No doubt China’s invasion of Taiwan would be a “crisis” par excellence, but it is not going to happen. The planners in Beijing believe that reunification will come slowly and incrementally, with economic ties and interests leading the way, and they have been the masters of patience for millennia. But what about another war between China and India in the rainforests of Arunachal Pradesh, or in the windswept wastelands of the Tibetan plateau (Aksai Chin), thousands of miles from Admiral Montgomery’s home port in Japan? What about a violent unraveling of the North Korean regime, with Beijing rejecting the peninsula’s reunification on Seoul’s terms? What about a Chinese clash with Vietnam, erupting this time over the disputed Paracel Islands? What if a major shift in the balance of power occurs without a shot being fired, with China starting to build a major naval base in the Indian Ocean—in, say, southern Burma, following an agreement with the government in Rangoon—within easy reach of the all-important Straits of Malacca? That would be perfectly legal, yet geostrategically disruptive in the extreme.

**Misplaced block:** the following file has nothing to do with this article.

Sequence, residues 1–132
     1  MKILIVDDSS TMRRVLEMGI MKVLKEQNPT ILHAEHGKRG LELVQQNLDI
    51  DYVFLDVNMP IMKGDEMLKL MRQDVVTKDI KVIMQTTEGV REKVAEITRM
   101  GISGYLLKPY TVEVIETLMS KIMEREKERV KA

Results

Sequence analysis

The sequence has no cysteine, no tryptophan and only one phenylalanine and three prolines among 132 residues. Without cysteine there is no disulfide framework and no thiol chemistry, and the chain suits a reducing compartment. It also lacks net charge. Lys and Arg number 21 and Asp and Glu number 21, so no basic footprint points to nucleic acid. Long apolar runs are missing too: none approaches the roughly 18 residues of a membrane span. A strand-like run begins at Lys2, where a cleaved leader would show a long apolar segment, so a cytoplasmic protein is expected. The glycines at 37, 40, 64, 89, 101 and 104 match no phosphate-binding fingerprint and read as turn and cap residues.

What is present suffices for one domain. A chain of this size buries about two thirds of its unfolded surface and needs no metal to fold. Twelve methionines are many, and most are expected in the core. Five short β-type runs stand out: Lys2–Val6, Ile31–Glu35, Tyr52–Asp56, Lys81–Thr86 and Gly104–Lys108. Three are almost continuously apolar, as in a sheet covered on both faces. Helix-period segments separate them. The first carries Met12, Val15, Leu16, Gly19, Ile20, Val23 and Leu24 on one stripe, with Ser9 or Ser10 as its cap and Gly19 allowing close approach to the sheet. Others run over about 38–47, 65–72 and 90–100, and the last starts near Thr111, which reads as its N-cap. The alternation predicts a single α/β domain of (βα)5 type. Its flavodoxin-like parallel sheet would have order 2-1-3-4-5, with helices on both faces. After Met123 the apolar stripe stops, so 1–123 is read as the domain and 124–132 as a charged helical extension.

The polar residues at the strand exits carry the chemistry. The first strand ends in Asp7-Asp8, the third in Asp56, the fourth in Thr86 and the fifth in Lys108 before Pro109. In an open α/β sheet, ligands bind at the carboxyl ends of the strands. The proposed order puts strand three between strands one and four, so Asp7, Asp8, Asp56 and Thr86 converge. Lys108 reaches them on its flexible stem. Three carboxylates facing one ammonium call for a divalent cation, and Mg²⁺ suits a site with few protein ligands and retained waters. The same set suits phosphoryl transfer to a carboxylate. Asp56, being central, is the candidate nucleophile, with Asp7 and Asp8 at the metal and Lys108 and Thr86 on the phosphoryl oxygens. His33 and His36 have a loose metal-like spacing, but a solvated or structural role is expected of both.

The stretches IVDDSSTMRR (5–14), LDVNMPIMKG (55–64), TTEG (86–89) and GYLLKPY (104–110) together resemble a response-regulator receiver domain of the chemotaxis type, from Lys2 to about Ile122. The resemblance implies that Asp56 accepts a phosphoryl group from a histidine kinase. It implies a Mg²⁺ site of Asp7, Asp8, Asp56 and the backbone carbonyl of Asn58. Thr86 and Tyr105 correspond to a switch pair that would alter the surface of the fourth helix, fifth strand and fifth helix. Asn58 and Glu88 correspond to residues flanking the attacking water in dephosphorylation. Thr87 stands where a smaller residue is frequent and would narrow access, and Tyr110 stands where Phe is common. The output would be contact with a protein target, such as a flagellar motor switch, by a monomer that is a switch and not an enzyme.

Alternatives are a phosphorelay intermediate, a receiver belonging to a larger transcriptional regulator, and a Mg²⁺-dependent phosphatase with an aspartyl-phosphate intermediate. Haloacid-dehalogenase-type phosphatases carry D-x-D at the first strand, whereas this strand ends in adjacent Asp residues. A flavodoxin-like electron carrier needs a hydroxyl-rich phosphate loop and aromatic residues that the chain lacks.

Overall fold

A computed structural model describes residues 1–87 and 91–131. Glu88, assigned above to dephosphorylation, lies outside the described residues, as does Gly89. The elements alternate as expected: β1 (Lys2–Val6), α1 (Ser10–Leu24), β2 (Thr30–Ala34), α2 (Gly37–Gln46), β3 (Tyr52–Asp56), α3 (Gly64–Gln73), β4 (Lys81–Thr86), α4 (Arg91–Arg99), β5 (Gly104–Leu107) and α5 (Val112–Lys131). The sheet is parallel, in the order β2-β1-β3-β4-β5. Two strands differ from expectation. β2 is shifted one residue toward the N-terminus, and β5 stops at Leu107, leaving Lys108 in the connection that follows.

The response of the U.S. foreign-policy establishment to such questions over the past two decades has been uneven. The areas of consensus are fairly clear. First, the United States, as a maritime and merchant nation dependent on unhindered access to foreign markets, cannot allow the spontaneous—some would say “chaotic”—development of power relations in the region with which she exchanges almost as much in goods and services as with the rest of the world combined. Second, America cannot give up on her multilateral and bilateral security arrangements in the region—above all, with Japan and South Korea—without triggering dangerously unpredictable instability and nuclear proliferation, and without dealing a fatal blow to U.S. credibility in other parts of the world. And finally, by disengaging from its Asian commitments, Washington would risk having to get involved at a later date, under less-favorable circumstances and at a much steeper cost. Accordingly, analyzing “Sources of Conflict in the 21st Century” in 1998, a group of authors associated with the RAND Corporation insisted that preventing the rise of an Asian hegemon is a vital national interest that demands a determined and unyielding policy of containment. In 2002 Henry Kissinger argued that the United States should remain actively present in Asia in order to prevent the emergence of a major power disinclined to maintaining the status quo, or an unfriendly bloc led by that power.